Effect of methylphenidate as a dopaminergic agent on myopia: Pilot study
MetadataShow full item record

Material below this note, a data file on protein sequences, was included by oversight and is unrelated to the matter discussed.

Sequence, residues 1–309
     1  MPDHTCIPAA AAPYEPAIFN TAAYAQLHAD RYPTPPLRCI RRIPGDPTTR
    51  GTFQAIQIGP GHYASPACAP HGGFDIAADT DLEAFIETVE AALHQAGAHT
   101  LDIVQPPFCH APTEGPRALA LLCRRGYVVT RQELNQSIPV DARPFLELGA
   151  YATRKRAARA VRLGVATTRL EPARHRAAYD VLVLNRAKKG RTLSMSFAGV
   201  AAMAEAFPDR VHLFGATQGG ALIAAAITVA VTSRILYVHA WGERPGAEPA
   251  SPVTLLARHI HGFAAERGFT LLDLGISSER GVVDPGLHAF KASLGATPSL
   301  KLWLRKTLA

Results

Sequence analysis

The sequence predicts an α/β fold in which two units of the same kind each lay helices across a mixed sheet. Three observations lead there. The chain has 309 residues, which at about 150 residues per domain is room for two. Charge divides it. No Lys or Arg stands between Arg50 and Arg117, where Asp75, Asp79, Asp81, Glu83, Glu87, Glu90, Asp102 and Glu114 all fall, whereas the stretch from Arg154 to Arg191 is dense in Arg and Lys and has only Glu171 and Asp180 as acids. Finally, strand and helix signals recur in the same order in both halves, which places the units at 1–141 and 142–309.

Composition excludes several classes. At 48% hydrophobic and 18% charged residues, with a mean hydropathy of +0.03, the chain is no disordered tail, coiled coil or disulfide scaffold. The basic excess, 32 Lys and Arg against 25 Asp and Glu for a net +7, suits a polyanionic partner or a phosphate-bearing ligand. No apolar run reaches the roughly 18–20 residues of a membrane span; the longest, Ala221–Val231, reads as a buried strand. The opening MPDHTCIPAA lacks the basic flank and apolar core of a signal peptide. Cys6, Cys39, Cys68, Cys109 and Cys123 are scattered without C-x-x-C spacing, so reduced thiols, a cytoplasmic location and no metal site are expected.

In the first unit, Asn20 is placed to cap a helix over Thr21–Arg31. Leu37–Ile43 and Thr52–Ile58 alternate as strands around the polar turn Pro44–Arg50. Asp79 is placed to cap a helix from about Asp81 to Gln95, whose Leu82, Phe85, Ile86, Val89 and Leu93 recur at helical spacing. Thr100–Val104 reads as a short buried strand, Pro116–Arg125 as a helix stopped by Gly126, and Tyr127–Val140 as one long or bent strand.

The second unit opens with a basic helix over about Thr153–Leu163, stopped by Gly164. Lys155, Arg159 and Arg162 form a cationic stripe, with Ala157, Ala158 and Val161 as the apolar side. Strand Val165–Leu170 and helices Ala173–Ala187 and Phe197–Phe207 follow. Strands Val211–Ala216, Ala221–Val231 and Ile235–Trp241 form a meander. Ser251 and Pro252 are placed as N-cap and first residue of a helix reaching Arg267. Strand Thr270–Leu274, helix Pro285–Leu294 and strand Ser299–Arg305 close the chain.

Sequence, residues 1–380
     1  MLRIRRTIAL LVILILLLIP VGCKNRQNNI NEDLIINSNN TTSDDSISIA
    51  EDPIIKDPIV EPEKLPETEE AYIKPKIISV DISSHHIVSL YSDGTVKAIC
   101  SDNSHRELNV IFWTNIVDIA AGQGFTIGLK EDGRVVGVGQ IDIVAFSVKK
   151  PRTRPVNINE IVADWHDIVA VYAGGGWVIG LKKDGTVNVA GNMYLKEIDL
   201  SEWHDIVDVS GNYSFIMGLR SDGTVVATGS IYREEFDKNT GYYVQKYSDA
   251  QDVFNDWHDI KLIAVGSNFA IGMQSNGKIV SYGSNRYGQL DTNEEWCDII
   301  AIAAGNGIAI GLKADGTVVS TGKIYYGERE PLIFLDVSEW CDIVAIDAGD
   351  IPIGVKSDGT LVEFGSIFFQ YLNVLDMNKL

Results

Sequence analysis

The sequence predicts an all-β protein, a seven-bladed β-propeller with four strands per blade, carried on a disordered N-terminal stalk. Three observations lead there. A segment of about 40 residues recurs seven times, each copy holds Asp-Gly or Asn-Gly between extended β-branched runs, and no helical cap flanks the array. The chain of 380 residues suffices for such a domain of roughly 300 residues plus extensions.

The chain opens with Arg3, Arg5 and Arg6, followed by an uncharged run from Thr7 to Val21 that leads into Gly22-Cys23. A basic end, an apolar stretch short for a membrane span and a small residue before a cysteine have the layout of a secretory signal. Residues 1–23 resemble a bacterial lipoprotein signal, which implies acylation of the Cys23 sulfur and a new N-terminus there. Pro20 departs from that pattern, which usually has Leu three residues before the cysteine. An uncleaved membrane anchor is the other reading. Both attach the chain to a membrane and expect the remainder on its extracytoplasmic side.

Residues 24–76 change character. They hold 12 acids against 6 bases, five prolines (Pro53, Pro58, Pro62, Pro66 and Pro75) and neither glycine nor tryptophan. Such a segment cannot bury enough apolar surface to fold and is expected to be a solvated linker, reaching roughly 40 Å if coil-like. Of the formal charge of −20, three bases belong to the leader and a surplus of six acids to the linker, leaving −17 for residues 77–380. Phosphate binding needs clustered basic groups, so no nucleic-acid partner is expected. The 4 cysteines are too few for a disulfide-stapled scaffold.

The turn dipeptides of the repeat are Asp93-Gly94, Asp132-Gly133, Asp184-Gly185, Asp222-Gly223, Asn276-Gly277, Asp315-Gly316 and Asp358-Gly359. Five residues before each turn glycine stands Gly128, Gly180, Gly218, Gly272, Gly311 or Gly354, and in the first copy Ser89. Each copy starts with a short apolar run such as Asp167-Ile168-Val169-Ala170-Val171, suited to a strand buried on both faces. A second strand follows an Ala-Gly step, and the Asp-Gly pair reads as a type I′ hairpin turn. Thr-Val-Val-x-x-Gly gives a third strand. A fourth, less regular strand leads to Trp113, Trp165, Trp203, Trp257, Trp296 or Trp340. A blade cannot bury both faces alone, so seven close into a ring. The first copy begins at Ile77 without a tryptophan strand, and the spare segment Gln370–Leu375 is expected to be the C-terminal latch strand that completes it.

Background Methylphenidate (MPH) hydrochloride is used as a first-line treatment for attention deficit hyperactivity disorder (ADHD). However, there is concern that this treatment may be associated with increased risk of refractive disorder. The aim of this study was to investigate the effect of MPH therapy on myopic shifts in refraction in children diagnosed with ADHD. Methods This study, children with ADHD and meeting inclusion criteria were examined before the initiation of MPH treatment and 3, 6 and 12 months after the initiation of treatment. Twenty age-gender-matched participants who applied to the outpatient ophthalmology clinic with various complaints were included in the study as a control group. Cycloplegic refraction examination and detailed eye measurements were performed at each visit. Results Nineteen patients were included in this study and the group consisted of 11 (57.9%) females and 8 (42.1%) males. The mean age of patients was 11.3 +/- 2. (range: 8-18) years. During 12 months of use of MPH, the spherical equivalent changed from -0.36 +/- 1.08 to -0.39 +/- 1.05, and this difference was not statistically significant (P = .187). Axial length ranged from 22.92 +/- 0.66. There was a change to 22.93 +/- 0.62, and this difference was not statistically significant (P = .076). In the control group, the spherical equivalent changed from -0.43 +/- 0.62 to -0.56 +/- 0.84, and this difference was statistically significant. (P = .012) There was a change in the axial length from 22.97 +/- 0.78 to 22.99 +/- 0.62, and this difference was statistically significant (P = .015). Conclusions No significant changes spherical equivalent and axial length were detected during 12-month MPH use, but the increased spherical equivalent and axial length in the control group in the similar age group may indicate that MPH may reduce myopic shifts in refraction progression through dopamine, similar to in vivo studies. What's newWhat's known Myopia is spreading rapidly in technologically advanced societies. There is strong evidence that myopia develops as the axial length of the eye increases as a result of spending more time indoors and working in close distances in parallel with the increase in education level. Animal studies have shown that decreased dopamine release plays an important role in the development of myopia. The effect of dopamine in slowing or stopping myopia in experimental studies has also been demonstrated in human studies. No significant change in spherical equivalent and axial length was observed in methylphenidate users compared with control patients of similar age group. A significant increase in spherical equivalent and axial length was detected in the control group. This pilot study will shed light on future studies on the safe use of dopamine in the treatment of myopic shifts.